2 Might 2023
On a hike at Hays Woods final week with Jared Belsky of the Pittsburgh Parks Conservancy we noticed odd holes on a naked spot of floor, every one surrounded by a mud cone formed like a tiny volcano. I may inform they the place in all probability made by bugs however which of them?
Jared informed me they’re the holes of cellophane bees that had been constructed in March.
Cellophane bees (Colletes inaequalis) are the primary bees of spring, typically rising whereas there’s nonetheless snow on the bottom. They’re members of the group referred to as “plasterer bees” (Colletes sp.) described by Wikipedia under:
The genus Colletes (plasterer bees) is a big group of ground-nesting bees of the household Colletidae that happen primarily within the Northern Hemisphere. They are usually solitary, however typically nest shut collectively in aggregations. Species within the genus construct cells in underground nests which might be lined with a cellophane-like plastic secretion, a real polyester, incomes them the nickname polyester bees.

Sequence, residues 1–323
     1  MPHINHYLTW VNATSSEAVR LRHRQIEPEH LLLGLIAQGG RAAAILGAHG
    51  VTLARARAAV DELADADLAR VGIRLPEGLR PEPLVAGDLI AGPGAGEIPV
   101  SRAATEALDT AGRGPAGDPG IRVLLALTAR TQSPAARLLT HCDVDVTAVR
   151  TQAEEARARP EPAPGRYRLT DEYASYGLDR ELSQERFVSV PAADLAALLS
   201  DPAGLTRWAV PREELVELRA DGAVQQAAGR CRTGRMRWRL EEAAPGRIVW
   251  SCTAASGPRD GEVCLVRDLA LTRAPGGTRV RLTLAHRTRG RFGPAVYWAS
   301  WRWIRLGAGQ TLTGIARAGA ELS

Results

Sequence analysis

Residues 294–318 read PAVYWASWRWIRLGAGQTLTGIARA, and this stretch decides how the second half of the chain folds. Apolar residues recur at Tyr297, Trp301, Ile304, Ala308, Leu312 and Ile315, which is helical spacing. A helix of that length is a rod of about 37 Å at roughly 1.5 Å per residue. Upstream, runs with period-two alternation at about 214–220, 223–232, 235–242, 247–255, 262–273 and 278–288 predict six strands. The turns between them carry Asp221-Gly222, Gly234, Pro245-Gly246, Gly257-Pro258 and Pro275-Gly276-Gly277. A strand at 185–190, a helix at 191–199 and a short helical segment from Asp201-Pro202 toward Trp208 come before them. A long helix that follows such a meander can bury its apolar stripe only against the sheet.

Now that it’s Might it’s too late to see cellophane bees making holes, nevertheless it’s not too late to find out about them and be prepared to observe them subsequent March.
p.s. Cellophane was invented in 1912 and polyester in 1928 so these frequent names of plasterer bees are solely a century outdated.
(bee picture from Wikimedia Commons, holes picture by Kate St. John, embedded video by Nick Dorian on YouTube on YouTube)